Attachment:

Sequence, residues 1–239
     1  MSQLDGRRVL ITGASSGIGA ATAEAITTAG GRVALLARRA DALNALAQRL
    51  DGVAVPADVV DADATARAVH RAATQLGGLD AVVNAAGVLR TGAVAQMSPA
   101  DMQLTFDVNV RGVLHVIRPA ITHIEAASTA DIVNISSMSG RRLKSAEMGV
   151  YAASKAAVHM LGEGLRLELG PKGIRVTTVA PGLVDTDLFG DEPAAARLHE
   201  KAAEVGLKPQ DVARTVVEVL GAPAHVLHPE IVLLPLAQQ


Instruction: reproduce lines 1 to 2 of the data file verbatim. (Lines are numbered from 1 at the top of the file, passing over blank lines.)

Sequence, residues 1–239
     1  MSQLDGRRVL ITGASSGIGA ATAEAITTAG GRVALLARRA DALNALAQRL